updated 12:15 pm EDT, Tue August 10, 2010
FCC's Copps says users come first over Google, VZ
FCC Commissioner Michael Copps late Monday put out a statement (PDF downplaying the Google and Verizon net neutrality proposal. The official characterized the proposal as inherently flawed and reiterated the FCC's view that principles come first. Google and Verizon don't have final responsibility, the statement suggested.
"Some will claim this announcement moves the discussion forward," Copps wrote. "That's one of its many problems. It is time to move a decision forward--a decision to reassert FCC authority over broadband telecommunications, to guarantee an open Internet now and forever, and to put the interests of consumers in front of the interests of giant corporations."
Critics have already attacked the joint Google/Verizon proposal as leaving significant room for companies like Verizon to circumvent net neutrality. Most have pointed to the deliberate exclusion of cellphones and other wireless data, which would let Verizon block Skype to force customers on to more expensive voice minute plans or AT&T to throttle all streaming video but its own.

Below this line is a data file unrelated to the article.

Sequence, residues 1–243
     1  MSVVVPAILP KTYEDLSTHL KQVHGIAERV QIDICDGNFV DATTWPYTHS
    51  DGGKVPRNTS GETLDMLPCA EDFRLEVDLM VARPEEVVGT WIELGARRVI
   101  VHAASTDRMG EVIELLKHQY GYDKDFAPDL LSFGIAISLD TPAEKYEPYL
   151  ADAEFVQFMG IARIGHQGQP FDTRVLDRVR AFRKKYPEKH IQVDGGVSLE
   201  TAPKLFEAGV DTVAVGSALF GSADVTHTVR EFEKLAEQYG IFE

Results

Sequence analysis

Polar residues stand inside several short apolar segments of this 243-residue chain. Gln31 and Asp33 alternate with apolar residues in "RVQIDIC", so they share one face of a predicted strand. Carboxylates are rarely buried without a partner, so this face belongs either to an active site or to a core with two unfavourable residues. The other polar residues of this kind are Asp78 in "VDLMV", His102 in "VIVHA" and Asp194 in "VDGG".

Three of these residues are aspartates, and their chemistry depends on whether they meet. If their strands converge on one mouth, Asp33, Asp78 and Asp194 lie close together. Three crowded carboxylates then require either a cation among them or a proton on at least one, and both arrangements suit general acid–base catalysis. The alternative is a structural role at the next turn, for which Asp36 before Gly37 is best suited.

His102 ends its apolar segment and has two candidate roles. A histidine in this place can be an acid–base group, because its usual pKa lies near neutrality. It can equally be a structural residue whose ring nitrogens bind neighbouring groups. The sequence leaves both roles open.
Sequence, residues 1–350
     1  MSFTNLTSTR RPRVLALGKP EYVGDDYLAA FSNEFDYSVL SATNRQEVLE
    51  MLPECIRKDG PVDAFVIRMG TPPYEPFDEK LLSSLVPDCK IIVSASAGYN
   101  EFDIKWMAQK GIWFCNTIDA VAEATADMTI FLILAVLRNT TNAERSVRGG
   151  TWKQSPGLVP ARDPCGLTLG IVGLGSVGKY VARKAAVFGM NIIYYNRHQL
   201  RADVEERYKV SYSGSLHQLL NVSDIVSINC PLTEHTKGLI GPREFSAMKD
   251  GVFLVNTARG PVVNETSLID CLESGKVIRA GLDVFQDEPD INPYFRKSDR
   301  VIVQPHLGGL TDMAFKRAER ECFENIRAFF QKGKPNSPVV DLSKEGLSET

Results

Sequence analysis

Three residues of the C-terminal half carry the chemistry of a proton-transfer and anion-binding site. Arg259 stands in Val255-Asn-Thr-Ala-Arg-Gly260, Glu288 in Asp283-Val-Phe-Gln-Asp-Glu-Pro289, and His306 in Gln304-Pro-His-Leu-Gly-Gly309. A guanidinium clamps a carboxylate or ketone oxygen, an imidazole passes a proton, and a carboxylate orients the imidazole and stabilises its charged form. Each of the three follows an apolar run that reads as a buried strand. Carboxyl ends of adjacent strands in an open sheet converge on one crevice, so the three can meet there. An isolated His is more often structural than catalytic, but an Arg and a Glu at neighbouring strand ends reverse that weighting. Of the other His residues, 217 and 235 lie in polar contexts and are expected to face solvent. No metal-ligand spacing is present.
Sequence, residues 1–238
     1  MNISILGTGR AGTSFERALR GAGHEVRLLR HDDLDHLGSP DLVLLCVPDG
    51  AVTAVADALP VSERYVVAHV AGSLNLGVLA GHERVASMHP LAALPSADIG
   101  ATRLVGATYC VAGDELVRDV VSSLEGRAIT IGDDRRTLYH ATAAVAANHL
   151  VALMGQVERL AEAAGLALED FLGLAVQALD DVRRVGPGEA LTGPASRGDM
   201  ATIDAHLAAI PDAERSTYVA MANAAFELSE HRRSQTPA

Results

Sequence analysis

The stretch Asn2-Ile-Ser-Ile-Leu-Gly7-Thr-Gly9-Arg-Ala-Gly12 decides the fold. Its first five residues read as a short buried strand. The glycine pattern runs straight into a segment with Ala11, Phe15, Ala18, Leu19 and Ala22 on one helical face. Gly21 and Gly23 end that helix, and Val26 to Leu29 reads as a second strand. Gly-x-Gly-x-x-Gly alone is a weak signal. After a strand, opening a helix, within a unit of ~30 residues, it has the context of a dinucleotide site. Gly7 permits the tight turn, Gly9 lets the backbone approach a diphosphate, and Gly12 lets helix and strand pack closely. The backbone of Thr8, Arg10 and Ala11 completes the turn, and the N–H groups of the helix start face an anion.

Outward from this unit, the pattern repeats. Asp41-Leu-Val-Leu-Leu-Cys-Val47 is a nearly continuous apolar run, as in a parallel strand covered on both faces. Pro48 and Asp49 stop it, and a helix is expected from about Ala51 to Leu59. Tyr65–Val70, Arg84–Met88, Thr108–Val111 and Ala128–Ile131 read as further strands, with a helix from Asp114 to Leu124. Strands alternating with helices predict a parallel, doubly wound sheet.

The rules would also try to steer dispute resolution away from the government and towards "Internet community governance initiatives," which would prevent any legally binding action and would be more likely to rule in favor of carriers over their subscribers. Wording in the terms would also give escape clauses for having to honor the provisions, such as allowing the provider to decide what's "unwanted" for users and still allowing prioritization as part of management.
Under current Chairman Julius Genachowski, the FCC has been comparatively tough on neutrality and has tried to avoid the exemptions and lightened regulations that dictated former chair Kevin Martin's presence during the Bush presidency. Genachowski, Copps and others have pressed for neutrality on wireless as they see it as the future of Internet access and have gone so far as to reassign wireless spectrum make sure enough bandwidth exists for both faster speeds and more competitors.